KUALA LUMPUR: Black-clad Malaysians observed a minute of silence and a nationwide day of mourning on Friday as the first remains of the country’s 43 citizens killed in the MH17 disaster returned home.
People across the country of 28 million went silent at 10:55 am (02:55 am Manila time), about an hour after a Malaysia Airlines jet landed with the remains of 20 people killed when MH17 was blasted from the sky by a suspected surface-to-air missile over Ukraine on July 17.
Malaysia’s King Abdul Halim Mu’adzam Shah, Prime Minister Najib Razak and dozens of other top officials were on hand for a somber reception ceremony at Kuala Lumpur International Airport.
Flags flew at half-mast nationwide and various entertainment events and other festivities in the Muslim-majority country were cancelled or put on hold out of respect.
Residents of the capital Kuala Lumpur were overwhelmingly black-clad, including many Muslim women in black Islamic headscarves, as state television aired recitations from the Koran and photos of the Malaysian victims.
“No words can express the sense of loss in seeing the bodies return, my prayers are with the victims and families of #MH17,” Najib said on his Twitter feed.
Dozens of Malaysia Airlines cabin crew and pilots in their work uniforms, some weeping, gathered near the welcoming ceremony holding Malaysian flags and white flowers to remember their lost colleagues.
Life must go on
Shazly, 40, a flight attendant who gave only his first name, citing a company request regarding contact with the media, mourned Nur Shazana Mohamed Salleh, who joined the airline with him in the same 2004 recruitment class.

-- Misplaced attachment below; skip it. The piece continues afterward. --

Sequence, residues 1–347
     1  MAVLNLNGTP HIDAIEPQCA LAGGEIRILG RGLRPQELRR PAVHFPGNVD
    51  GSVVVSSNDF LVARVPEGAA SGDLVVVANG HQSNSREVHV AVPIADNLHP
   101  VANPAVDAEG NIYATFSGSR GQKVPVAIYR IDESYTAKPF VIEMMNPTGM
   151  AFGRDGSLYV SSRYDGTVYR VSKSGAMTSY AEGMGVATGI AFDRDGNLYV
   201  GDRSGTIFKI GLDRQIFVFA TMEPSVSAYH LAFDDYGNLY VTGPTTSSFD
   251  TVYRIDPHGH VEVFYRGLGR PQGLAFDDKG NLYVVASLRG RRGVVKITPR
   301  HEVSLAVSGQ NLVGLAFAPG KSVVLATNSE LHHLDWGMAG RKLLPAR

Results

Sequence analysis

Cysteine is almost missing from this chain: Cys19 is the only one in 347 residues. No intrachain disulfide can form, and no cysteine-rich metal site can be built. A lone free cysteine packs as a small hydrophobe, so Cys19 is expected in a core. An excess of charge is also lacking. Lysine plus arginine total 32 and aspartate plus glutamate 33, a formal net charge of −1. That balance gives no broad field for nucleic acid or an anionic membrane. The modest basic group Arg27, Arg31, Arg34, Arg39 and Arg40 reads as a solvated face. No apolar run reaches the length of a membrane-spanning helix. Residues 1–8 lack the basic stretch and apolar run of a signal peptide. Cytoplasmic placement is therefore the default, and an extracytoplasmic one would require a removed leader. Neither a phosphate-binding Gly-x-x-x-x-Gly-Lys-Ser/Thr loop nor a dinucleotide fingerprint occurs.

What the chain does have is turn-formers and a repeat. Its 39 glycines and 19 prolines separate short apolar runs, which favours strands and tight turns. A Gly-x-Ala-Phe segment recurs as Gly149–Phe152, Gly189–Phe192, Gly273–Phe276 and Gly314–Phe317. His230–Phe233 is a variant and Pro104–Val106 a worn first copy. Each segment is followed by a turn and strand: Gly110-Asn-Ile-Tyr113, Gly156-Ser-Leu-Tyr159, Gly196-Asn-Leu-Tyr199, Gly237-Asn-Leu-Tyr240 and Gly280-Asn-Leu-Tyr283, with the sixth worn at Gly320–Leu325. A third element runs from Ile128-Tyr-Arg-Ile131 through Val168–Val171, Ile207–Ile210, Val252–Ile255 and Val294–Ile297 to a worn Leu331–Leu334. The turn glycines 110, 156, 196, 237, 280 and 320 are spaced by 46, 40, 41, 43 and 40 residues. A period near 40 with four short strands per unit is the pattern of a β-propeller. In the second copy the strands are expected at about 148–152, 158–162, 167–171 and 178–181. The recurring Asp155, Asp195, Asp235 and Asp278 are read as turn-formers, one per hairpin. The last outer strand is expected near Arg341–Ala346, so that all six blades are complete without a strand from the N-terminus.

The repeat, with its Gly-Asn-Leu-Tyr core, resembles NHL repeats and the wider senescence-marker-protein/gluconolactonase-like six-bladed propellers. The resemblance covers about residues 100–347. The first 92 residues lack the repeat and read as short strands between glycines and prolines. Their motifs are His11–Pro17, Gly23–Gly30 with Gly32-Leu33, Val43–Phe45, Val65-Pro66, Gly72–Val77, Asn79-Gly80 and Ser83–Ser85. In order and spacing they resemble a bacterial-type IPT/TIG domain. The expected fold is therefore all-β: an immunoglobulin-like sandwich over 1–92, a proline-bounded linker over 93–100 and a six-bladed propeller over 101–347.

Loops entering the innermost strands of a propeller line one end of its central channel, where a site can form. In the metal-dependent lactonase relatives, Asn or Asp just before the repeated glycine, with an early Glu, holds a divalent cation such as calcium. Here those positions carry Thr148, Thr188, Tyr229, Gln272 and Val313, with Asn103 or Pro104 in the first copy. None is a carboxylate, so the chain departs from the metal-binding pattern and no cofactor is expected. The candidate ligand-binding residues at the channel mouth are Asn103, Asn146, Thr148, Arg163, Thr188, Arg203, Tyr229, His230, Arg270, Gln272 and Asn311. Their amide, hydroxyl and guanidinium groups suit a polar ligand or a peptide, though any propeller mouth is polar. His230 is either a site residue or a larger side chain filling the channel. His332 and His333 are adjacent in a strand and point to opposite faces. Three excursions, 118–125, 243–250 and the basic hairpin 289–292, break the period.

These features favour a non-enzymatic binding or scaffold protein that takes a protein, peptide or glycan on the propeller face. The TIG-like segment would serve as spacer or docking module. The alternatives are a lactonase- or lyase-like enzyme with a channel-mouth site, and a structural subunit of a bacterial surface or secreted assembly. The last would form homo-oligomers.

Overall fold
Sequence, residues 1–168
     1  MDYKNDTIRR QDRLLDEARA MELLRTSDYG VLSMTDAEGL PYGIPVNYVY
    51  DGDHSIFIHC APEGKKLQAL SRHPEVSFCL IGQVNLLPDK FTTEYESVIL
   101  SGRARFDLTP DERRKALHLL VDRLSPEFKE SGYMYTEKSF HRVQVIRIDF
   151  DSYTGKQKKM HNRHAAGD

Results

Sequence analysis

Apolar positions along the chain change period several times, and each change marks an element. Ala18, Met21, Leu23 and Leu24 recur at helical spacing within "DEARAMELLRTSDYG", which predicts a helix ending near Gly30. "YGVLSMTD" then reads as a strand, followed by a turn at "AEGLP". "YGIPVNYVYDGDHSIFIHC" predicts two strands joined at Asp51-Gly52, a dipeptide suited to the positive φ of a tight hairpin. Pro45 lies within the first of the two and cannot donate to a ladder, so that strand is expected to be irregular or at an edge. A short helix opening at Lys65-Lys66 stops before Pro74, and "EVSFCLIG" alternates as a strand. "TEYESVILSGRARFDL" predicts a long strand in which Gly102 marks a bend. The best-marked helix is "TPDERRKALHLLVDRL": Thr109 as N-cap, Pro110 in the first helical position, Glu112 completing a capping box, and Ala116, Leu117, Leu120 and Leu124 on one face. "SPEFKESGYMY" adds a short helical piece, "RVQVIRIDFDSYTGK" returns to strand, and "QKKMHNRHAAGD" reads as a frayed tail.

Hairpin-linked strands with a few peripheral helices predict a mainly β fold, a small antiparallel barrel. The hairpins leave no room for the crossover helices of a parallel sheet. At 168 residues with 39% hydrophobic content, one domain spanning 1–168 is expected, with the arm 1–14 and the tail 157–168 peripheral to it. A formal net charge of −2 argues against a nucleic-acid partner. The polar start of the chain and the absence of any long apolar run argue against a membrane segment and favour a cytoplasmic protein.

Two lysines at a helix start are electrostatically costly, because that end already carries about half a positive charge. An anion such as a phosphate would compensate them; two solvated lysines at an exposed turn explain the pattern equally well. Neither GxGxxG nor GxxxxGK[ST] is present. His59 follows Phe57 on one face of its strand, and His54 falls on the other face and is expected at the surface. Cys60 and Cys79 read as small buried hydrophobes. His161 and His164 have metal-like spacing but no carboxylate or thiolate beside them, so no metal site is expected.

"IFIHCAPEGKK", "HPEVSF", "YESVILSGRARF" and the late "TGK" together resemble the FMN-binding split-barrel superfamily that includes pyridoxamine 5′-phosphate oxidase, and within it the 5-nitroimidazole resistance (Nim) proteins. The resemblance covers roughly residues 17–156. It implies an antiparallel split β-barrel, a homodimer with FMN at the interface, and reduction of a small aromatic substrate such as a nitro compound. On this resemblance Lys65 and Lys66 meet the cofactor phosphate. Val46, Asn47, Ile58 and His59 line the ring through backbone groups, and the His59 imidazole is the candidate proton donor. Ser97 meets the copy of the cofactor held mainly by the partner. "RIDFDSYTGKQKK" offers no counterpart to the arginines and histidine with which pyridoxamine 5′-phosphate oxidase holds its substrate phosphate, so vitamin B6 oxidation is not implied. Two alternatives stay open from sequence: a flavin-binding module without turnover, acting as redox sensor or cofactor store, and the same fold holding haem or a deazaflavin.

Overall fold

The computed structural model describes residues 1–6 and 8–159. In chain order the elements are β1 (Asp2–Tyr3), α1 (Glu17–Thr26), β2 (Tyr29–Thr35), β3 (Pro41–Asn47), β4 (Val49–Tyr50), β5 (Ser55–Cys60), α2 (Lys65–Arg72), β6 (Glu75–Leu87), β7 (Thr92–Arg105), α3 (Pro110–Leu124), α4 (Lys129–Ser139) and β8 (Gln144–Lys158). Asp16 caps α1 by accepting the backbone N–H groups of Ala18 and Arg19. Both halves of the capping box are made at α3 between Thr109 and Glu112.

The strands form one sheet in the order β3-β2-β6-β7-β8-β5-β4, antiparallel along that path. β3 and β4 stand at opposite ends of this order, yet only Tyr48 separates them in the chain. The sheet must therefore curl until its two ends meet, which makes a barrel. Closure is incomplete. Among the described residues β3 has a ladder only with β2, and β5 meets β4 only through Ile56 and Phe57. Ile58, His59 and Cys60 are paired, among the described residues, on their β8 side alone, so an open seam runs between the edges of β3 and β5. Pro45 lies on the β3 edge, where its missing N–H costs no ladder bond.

“She was a very jovial girl. She loved her job very much. She was very close with all her friends,” he said.
“Life has to go on, even though it’s very difficult for us to accept what has happened to our airline. They are our friends,” he added.
Some wore T-shirts with their dead colleagues’ names and the Arabic phrase for “See you in Paradise.” Fifteen crew were aboard.
The first batch of remains included those of Ariza Ghazalee, 46, and her son Muhammad Afif, 18, part of a family of six wiped out in the disaster.
It was a far different homecoming than what they had planned — the family was returning to live in Malaysia after three years abroad, and Ariza’s final Facebook post had said, “Starting our new migration. Praise God.”
Friday’s special flight arrived from Amsterdam, where remains have been taken for identification by Dutch authorities investigating the tragedy.
All 298 on board Amsterdam-Kuala Lumpur flight MH17 were killed, including 193 Dutch nationals.
The West accuses Russian-backed separatists of shooting down the plane, while Moscow blames Ukraine.
A military guard conveyed the coffins and urns —at least three people have already been cremated—from the plane and into waiting hearses.
Some were to be put aboard other aircraft for transport to their final resting places throughout the country.
A number of prayer sessions and funerals were planned for Friday in mosques, churches and temples, reflecting Malaysia’s multi-ethnic make-up.
The MH17 tragedy has compounded Malaysian grief over the troubling and still-unexplained disappearance of Malaysia Airlines flight MH370 just four months earlier.
The airline and the Malaysian government came under fire worldwide for their chaotic response to MH370, which disappeared on March 8 with 239 people aboard en route from Kuala Lumpur to Beijing.
The plane is believed to have inexplicably diverted to the Indian Ocean, but no trace of the jet has been found. Some angry relatives have alleged a cover-up.
The government has said 30 Malaysians on MH17 had so far been identified. Further remains will return in coming days.